Race issues loom large in ‘The Royale’
by Judy Richter, Daily Journal correspondent - Nov 18, 2017
Early in the 20th century, a black boxer became heavyweight champion by defeating a white boxer.
Presented by Aurora Theatre Company, “The Royale” is based on that black boxer, Jack Johnson. Here, though, playwright Marco Ramirez names him Jay Jackson (Calvin M. Thompson).
The action begins with Jay fighting a boxer named Fish (Satchel André). They’re not hitting each other, though. They don’t even face each other.
Instead, their moves are co-choreographed by director Darryl V. Jones and boxing coach Joe Orrach. Three people seated upstage stamp their feet and slap their knees to replicate the fight’s rhythms.
Those people are Jay’s trainer, Wynton (Donald E. Lacy Jr.); his sister, Nina, (Atim Udoffia); and his white manager, Max (Tim Kniffin). After touring the country, winning fight after fight and bragging about his abilities, Jay wants to take on the recently retired champ. While the champ returns to form, their bout is highly touted, creating a national buzz.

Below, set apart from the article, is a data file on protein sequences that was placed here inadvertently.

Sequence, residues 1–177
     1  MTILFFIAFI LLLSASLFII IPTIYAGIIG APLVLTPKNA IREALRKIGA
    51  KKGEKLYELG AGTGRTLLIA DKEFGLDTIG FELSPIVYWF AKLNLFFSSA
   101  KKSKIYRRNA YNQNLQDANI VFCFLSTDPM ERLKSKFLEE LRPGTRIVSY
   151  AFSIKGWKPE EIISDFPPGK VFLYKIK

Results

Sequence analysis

On the eve of the fight, Jay is confident, even cocky, until Nina shows up. She describes some of the abuses that blacks, even his young nephews, have already suffered at the hands of whites because of him.
She warns that if he wins, violence will erupt in that Jim Crow era. Thus he’s torn between his desire to win and his fears about the aftermath if he does.
Although the first scene seems prolonged, the rest of the play moves right along. Director Jones has elicited layered performances by all five actors.
In one mesmerizing scene, Wynton, the trainer, describes fighting five other blacks when everyone was blindfolded. The last one standing picked up the coins tossed by white spectators in a venue called the Royale, hence the play’s title.
Running a taut 90 minutes with no intermission, “The Royale” will continue through Dec. 3 at Aurora Theatre, 2081 Addison St., Berkeley. For tickets and information call (510) 843-4822 or visit auroratheatre.org.